What Is the Average Pay in the United States Per Year?

By Sarah Li Cain · April 11, 2024 · 8 minute read

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What Is the Average Pay in the United States Per Year?

Whether you’re deciding on a new career path or wondering if you’re being paid enough, it can help to know what the typical American worker earns per year.

Based on the latest data available from the Social Security Administration (SSA), the average annual pay in the U.S. in 2022 was $63,795 — a 5.32% jump from the previous year. The U.S. Bureau of Labor Statistics (BLS) estimates the average worker made closer to $69,986 that same year. The amount you make may depend on a number of factors, including your occupation, where you live, your gender, and your level of education.

Key Findings

Let’s take a closer look at how the average annual pay in the U.S. has changed over a three-year period based on data from both the SSA and BLS.


Average Annual Salary per SSA

Average Annual Salary per BLS

2020 $55,628.60 $64,021
2021 $60,575.07 $67,610
2022 $63,795 $69,986

It can also be helpful to look at median earnings, which represent the midpoint of salaries in the U.S. In other words, half of the salaries fall below the median, and half are higher than the median.

The following table shows the median annual salary for a three-year period.


Median Annual Salary

2021 $51,896
2022 $54,132
2023 $59,540

Source: BLS

As you can see, average and median incomes have risen each year. However, average salaries can be affected by various factors such as your occupation, age, and gender. Note that the numbers above also don’t include unearned income.

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Examples of High-Salary Jobs in the US

Some industries tend to pay more than others, which means the career you choose may affect how much you earn. Here’s a sampling of high-paying jobs and their average annual salary, according to the BLS:

•   Cardiologist, $421,330

•   Dentist, $172,290

•   Aircraft pilots and flight engineer, $225,740

•   Lawyer and judicial law clerk, $161,680

•   Public relations manager, $150,030

•   Air traffic controller, $130,840

Recommended: How to Reduce Taxable Income for High Earners

Average American Income by Occupation

While salaries tend to vary based on geography, seeing how much certain types of jobs pay can be informative. Let’s take a look at different occupations and how much they typically pay.

Occupation (Type)

Average annual salary

Management $131,200
Legal $124,540
Computer and Mathematical Operations $108,130
Architecture and Engineering $94,670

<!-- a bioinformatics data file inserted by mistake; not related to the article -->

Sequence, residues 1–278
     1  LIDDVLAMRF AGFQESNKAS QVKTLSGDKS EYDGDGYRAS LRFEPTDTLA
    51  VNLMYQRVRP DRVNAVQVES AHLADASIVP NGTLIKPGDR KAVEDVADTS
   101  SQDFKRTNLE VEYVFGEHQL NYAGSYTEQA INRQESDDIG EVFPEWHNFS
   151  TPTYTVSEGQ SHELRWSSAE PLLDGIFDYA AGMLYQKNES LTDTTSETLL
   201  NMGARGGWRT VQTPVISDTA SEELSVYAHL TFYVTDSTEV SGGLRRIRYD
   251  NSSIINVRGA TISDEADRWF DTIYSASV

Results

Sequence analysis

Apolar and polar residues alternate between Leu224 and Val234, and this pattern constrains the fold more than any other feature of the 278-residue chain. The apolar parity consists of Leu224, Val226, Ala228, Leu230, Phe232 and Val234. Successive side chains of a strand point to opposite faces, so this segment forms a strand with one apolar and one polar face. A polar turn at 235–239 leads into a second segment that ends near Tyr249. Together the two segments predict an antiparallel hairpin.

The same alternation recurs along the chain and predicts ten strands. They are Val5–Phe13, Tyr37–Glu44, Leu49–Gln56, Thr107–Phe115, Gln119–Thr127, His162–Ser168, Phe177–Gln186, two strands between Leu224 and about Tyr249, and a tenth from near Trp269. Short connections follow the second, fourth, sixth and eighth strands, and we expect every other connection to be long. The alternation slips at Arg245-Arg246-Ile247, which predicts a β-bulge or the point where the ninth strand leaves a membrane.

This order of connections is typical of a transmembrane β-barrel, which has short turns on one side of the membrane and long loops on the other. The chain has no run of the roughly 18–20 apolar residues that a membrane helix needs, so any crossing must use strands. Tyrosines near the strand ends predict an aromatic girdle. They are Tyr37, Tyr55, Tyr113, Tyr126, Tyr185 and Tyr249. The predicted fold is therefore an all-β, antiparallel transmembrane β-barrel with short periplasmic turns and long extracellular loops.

Healthcare Practitioners and Technical $96,770
Business and Financial Operations $86,080
Life, Physical, and Social Science $83,640
Arts, Design, Entertainment, Sports, and Media $76,500
Educational Instruction and Library $63,240
Construction and Extraction $58,400
Community and Social Service $55,760
Protective Service $54,010
Installation, Maintenance, and Repair $55,680
Sales (and Related) $50,370
Office and Administrative Support $45,550
Transportation and Material Moving $37,920
Farming, Fishing, and Forestry $37,870
Building and Grounds Cleaning and Maintenance $35,900
Personal Care and Service $36,210
Healthcare support $35,560
Food Preparation and Serving Related $28,130

Source: BLS, May 2022 data

Keep in mind that average salaries may differ depending on the specific occupation you have. For example, although claims adjusters fall under the business and financial operations category, their average salary is around $72,040.

US Income by Gender

Demographics, specifically gender, are another factor to consider. By and large, men tend to outearn women throughout their career. The median annual salary for a 16- to 24-year-old man is $38,688; a woman of the same age earns $36,088, per the latest data available from the BLS. Likewise, the median annual salary for a man aged 25 and older is $64,376; a woman of the same age earns $52,520.

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Median Income by State

Wages often vary based on where you live. In many cases, states with higher costs of living also have higher wages. For example, the median annual income in Hawaii is $104,704 — much higher than Mississippi’s median annual income of $70,950.

Below is the median income by state for a household of three people, according to data compiled by the Census Bureau between April 1 and May 14, 2023.


Median annual income

Alabama $77,419
Alaska $113,035
Arizona $90,193
Arkansas $74,475
California $104,785
Colorado $113,822
Connecticut $121,958
Delaware $103,598
District of Columbia $146,440
Florida $83,396
Georgia $87,742
Hawaii $104,704
Idaho $87,960
Illinois $101,951
Indiana $89,800
Iowa $95,739
Kansas $88,271
Kentucky $75,700
Louisiana $73,393
Maine $95,531
Maryland $122,385
Massachusetts $127,172
Michigan $93,873
Minnesota $114,267
Mississippi $70,950
Missouri $89,515
Montana $84,019
Nebraska $99,845
Nevada $86,618